[Easttimorstudies] Postgrad and ECR Workshop Understanding the Internet in the Asia-Pacific: UoW

Jennifer Drysdale jenster at cres10.anu.edu.au
Tue May 23 14:09:25 EST 2006

>Workshop on Understanding the Internet in the Asia-Pacific
>25 September ­ 26 September 2006
>University of Wollongong
>The Centre for Asia Pacific Social 
>Transformation Studies (CAPSTRANS), with the 
>support of the Asia-Pacific Futures Research 
>Network (APFRN), is calling for applications 
>from PhD students and Early Career Researchers 
>at Australian universities to participate in a 
>workshop on the theme of understanding the Internet in the Asia-Pacific region.
> From the mid-1990s onwards, the Internet has 
> shifted fundamentally from its co-ordinates in 
> English-speaking countries, especially North 
> America, to become an essential medium in a 
> wide range of countries, cultures, and 
> languages. Its uptake in the Asia/Pacific has 
> been particularly notable. According to March 
> 2006 statistics, Chinese language now 
> represents 14.1% of all Internet communication 
> and media use, Japanese 9.6 % and Korean, at 
> 4.1%, has more users than does French. At 35.8% 
> and falling, English use is now a minority in 
> terms of overall online language use. However, 
> communications and media scholarship, 
> especially in the Anglophone world, has not 
> registered the deep ramifications of this shift 
> and the challenges it poses to the concepts, 
> methods, assumptions, and frameworks used to study the Internet.
>The purpose of this one-and-a-half-day ECR 
>seminar on “Understanding the Internet in the 
>Asia/Pacific” is to acknowledge that Internet 
>use and Internet studies take place “elsewhere” 
>in various national and international contexts. 
>Through bringing together researchers whose 
>daily experience of the Internet is mediated 
>through Asian languages and cultures as well as 
>researchers situated within the Anglophone 
>academy whose work focuses on cultures in our 
>region, we hope to promote the visibility of 
>work already being done outside the Anglophone 
>world. We also aim to encourage new work that 
>critically engages with Anglophone Internet 
>scholarship that is based on research into 
>diverse locales and draws upon a range of intellectual traditions.
>The aim of the Workshop is to:
>o Bring together four leading Internet experts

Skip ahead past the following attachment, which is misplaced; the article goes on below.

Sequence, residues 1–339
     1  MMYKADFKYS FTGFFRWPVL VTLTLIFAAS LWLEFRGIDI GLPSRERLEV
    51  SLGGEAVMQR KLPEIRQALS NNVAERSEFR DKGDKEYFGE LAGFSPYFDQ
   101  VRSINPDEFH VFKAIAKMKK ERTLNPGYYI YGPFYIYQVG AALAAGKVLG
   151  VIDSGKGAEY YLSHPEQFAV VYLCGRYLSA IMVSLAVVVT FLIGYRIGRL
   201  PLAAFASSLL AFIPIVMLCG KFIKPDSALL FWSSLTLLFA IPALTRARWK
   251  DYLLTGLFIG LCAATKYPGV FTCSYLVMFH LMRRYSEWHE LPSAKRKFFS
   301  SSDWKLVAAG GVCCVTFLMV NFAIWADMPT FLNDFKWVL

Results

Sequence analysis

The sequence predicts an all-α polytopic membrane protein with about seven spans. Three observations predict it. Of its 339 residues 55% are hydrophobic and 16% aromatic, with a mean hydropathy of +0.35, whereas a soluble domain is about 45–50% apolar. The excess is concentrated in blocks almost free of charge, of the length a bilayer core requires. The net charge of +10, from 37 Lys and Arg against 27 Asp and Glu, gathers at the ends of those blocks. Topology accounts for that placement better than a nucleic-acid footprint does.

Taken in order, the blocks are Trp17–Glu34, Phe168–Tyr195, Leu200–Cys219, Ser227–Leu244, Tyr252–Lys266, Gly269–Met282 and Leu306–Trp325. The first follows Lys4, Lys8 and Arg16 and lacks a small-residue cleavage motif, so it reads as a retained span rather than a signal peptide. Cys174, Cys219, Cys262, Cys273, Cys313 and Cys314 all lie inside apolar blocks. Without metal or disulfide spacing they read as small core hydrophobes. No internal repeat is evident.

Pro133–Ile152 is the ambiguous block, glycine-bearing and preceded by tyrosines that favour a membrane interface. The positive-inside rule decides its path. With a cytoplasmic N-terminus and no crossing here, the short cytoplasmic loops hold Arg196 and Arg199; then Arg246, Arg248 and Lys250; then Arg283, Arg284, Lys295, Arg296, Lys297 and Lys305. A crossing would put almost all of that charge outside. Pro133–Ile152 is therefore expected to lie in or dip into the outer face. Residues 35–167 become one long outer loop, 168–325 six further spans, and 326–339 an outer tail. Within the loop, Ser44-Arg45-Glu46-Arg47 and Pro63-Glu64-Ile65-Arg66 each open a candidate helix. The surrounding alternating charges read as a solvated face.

>working on Asia/Pacific Internet cultures who 
>will offer a seminar on their region of 
>expertise, discuss their work and highlight some 
>of the difficulties and particularities of 
>researching the Internet in the region.
>o Give Australian postgraduate students and ECRs 
>working on Asia/Pacific Internet cultures and 
>histories the opportunity to present their work 
>and receive feedback from leading experts in the field.
>o Lead to an edited book or special journal 
>edition or refereed online publication of 
>papers, thus adding to our understanding of the 
>specificities of the Internet as a medium of 
>communication in the region and contributing to 
>the career development of the ECR participants.
>Through the presentation of short papers on 
>their research, participants will have the 
>opportunity to discuss their research with peers 
>and with a number of senior research mentors. It 
>is hoped that these presentations and 
>discussions will assist participants to publish their research.
>CAPSTRANS is an Australian Research Council 
>(ARC) Key Centre for Teaching and Research and a 
>joint venture of the University of Wollongong 
>and the University of Newcastle. The Centre 
>seeks to examine social transformation processes 
>in the Asia-Pacific region through innovative 
>research by combining methods from a variety of 
>disciplines, including political science, 
>economics, sociology, anthropology, social 
>history and media studies. An overview of our 
>research interests is available on our website http://www.capstrans.edu.au/
>What is the Asia-Pacific Futures Research Network (APFRN)?
>The APFRN is a network of Asian and Pacific 
>researchers supported by the Australian Research